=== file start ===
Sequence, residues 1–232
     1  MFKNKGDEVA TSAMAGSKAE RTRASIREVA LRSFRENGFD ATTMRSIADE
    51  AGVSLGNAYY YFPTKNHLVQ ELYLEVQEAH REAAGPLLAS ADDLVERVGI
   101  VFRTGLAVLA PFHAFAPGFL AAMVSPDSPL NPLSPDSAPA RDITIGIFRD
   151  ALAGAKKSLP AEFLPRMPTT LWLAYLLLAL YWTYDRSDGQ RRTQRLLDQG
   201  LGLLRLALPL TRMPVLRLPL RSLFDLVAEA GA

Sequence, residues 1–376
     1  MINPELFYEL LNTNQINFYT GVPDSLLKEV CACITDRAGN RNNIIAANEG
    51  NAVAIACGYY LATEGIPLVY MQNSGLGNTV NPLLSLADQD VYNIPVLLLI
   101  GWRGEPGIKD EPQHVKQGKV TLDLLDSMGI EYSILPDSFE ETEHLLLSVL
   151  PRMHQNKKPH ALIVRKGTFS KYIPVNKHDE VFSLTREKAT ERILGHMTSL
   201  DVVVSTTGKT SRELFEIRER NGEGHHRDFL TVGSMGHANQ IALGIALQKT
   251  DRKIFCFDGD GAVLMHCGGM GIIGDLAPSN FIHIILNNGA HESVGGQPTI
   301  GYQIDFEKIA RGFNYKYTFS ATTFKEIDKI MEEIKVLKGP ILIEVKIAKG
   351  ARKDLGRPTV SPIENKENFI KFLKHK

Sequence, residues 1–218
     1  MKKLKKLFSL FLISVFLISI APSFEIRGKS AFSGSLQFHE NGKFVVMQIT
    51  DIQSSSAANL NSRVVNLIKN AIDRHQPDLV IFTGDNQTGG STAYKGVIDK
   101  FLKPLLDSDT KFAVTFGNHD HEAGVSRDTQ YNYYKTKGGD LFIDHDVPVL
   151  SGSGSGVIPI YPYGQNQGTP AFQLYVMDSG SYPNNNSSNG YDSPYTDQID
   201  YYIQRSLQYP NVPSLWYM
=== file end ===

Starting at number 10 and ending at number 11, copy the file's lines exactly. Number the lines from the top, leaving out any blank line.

   101  GWRGEPGIKD EPQHVKQGKV TLDLLDSMGI EYSILPDSFE ETEHLLLSVL
   151  PRMHQNKKPH ALIVRKGTFS KYIPVNKHDE VFSLTREKAT ERILGHMTSL